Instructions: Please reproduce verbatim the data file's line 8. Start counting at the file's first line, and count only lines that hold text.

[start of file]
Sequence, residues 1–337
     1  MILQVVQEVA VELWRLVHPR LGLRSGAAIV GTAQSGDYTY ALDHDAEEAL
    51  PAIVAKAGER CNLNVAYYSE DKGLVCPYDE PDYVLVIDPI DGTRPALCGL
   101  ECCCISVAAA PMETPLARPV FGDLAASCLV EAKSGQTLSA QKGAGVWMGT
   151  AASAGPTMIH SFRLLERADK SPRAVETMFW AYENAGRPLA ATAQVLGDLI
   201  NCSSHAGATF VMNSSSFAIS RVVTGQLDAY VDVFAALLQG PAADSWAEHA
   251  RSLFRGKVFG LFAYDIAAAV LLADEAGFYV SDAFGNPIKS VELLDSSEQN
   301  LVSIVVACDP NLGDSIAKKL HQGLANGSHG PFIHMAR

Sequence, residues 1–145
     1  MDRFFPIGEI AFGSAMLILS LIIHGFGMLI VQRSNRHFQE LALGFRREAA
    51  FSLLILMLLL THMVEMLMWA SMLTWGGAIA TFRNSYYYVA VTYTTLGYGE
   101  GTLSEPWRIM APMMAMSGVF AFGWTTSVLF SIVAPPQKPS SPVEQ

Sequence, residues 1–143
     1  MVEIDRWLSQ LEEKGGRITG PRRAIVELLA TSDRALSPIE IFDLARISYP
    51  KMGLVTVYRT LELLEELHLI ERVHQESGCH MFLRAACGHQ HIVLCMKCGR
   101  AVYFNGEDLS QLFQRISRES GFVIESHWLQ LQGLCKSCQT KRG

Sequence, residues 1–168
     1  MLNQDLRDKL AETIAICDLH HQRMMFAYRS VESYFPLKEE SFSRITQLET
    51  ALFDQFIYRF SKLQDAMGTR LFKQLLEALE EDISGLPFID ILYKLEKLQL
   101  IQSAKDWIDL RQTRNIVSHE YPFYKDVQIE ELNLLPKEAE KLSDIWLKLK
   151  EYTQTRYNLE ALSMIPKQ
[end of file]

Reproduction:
   301  LVSIVVACDP NLGDSIAKKL HQGLANGSHG PFIHMAR